Nu = Hz/k∆T and eq 83 and 84, it is clearly shown that we do not need to know the value of ∆T to
calculate the value of sensible heat flux H.
Table 4 clearly shows the variations of w′ T ′ with u2m over a period of one year. The slope
varies from 0.0298 for the measurements made from May to August to 0.014 for the period from
December to the next April. In the MayAugust period, the sensible heat flux is about three times
greater than the value calculated for the DecemberApril period for a given Reynolds number Re.
In other words, for a same mean wind speed u2m , the friction velocity u* is lower over snow-
covered ground than over grass-covered ground. This is evidenced in the variation of w′ T ′ with
the ratio of u2m / u* (Fig. 8). This trend can also be seen from Table 4 in which the slopes of the
relation between u* vs. u2m , σw′ vs. u2m , and σ u′ vs. u2m are slightly lowered as the test period
expanded from May to August, December and then to April. The slopes of the relation between σu
vs. u* (Table 4) increases slightly as the test period progressed as was expected, i.e., to have the
same value of u* during the winter period (in this case December to April). It needs a higher value
of mean wind speed u2m and thereby creates a higher value of standard deviation of fluctuating
velocity in the horizontal direction.
Though the study reported here is preliminary in nature, it has clearly established the fact that
the sensible heat flux determined during the winter months or during snow- or ice-covered ground
is about only one third of the value obtained during spring and summer months, i.e., over grass-
covered ground. Therefore it is speculated that the use of expressions involving temperature and
mean velocity gradients evaluated at measurement height z to estimate sensible heat flux from
equations such as eqs 21 or 31 will definitely introduce a significant error because these equations
are derived without the consideration of snow surface as a lower-surface boundary.
For sensible heat flux determined under stable conditions (which exists mostly at night under
calm wind conditions), the data are much more scarce and showed a much greater dispersion,
discussed in section VII, Comparison of Sensible Heat Fluxes. For the case of stable atmospheric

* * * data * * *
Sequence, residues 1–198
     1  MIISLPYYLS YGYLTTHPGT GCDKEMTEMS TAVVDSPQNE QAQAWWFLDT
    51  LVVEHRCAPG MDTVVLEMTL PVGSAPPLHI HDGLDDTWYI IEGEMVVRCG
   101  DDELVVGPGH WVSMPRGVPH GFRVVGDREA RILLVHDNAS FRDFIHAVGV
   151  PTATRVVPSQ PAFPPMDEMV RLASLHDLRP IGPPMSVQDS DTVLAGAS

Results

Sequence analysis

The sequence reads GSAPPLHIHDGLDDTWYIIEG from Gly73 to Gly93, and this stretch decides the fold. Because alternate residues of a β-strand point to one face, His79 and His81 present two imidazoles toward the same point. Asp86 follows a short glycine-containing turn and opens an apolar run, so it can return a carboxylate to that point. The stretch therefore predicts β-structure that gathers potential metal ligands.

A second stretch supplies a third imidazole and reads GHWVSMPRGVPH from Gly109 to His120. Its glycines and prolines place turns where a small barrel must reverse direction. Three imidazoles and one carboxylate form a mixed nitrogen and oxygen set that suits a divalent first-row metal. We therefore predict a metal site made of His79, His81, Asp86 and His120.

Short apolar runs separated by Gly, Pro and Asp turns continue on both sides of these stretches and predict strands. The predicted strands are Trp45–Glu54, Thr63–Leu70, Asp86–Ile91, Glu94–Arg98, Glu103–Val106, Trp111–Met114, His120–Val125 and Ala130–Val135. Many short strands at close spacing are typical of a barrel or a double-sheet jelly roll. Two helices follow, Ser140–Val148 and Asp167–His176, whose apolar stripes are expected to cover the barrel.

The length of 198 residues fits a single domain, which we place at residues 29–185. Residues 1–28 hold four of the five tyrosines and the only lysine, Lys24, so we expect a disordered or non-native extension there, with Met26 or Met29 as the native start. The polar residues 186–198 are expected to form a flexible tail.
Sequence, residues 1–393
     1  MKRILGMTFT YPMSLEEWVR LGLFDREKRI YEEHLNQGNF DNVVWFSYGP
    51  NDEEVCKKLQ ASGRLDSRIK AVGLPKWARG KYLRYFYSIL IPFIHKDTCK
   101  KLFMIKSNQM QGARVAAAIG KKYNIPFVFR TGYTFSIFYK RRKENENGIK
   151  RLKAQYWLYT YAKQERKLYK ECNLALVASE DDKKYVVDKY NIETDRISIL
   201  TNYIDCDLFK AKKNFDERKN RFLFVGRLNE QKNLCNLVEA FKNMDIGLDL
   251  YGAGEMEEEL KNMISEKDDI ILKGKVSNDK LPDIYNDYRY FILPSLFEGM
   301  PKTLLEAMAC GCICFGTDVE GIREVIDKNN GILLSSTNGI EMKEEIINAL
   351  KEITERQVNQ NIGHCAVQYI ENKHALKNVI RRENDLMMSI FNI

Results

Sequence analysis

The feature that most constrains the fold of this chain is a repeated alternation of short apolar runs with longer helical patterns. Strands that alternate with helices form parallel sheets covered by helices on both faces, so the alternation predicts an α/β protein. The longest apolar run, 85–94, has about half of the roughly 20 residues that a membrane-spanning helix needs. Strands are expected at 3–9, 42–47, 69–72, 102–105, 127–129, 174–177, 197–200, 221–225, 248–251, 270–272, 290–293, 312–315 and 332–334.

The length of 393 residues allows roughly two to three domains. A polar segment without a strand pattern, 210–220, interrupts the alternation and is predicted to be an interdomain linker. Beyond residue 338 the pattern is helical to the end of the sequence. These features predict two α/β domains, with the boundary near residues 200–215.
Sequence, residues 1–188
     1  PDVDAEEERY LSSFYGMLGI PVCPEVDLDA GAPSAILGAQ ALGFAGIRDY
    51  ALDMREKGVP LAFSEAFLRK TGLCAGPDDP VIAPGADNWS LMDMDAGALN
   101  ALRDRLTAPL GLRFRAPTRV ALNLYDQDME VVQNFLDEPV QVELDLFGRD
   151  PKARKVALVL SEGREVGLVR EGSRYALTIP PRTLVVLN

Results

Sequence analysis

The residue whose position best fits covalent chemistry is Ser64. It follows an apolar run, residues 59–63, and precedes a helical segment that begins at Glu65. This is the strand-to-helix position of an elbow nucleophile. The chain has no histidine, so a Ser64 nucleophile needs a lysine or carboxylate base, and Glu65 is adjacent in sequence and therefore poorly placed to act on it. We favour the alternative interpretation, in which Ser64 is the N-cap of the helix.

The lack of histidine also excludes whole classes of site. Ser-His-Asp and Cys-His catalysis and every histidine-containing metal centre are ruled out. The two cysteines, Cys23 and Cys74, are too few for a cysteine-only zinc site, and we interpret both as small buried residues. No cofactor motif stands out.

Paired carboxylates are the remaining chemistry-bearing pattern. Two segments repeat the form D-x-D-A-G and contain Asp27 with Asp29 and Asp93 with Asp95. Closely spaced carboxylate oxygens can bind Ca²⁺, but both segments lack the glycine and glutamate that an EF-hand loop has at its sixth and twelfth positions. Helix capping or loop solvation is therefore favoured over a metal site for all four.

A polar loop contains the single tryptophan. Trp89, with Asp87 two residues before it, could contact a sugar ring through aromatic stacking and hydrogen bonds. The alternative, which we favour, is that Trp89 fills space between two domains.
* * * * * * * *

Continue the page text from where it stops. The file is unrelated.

conditions, Hicks and Martin (1972) reported an average value of 9 W/m2 (for a mean wind speed
of 2.7 m/s and ∆T of 3C), which is about one third of the value obtained from this study under
approximately the same test conditions (i.e., 27 W/m2) (but for a period of one year, the heat flux
reduces to 13 W/m2, which is close to the value of 14 W/m2 reported by Dyer (1961) as well as of
16 W/m2 reported by Bernier and Edwards (1989).
For unstable atmospheric conditions, Dyer (1961) conducted sensible heat flux measurements
over level pasture land with a mean wind speed of 4.2 m/s and r eported a heat flux value of 155
W/m2, which is nearly identical to the value of 180 W/m2 calculated from eq 84 based on the
present study. This close agreement may be accidental, because in another study Dyer (1967)
derived an expression representing the sensible heat flux by H = 212 ∆θ3/2 (W/m2). With ∆θ on the
order of 3C, the value of H will be on the order of ~1100 W/m2, which is about seven times greater
than the value reported by Dyer (1961) as well as the value calculated based on eq 84.
In summary, based on several past studies as well as the present one, it can be concluded that not
only does sensible heat flux depend on a number of factors, but it is difficult to obtain consistent
results because of the constant changing of the atmosphere. The fact is that even during an
averaging period of 10 minutes the wind speed and its direction vary greatly. Therefore, the
fundamental assumption of constant, steady, and homogeneous upwind flow never can be realized
in the field measurement to satisfy the condition of a so-called constant flux surface layer. It is
expected that the results obtained with the eddy-correlation technique will provide a much more
reasonable estimation for the sensible heat flux than the other methods discussed in section III,
Computation of Turbulent Fluxes. Due to the constantly changing atmospheric dynamics, the
steady, homogeneous surface layer flow will never be realized in field measurements to ensure the
existence of the constant flux layer. Localized or regional measurements, which are used in this
study, may still provide a much more reliable method to find the sensible heat flux needed for
surface energy balance calculations.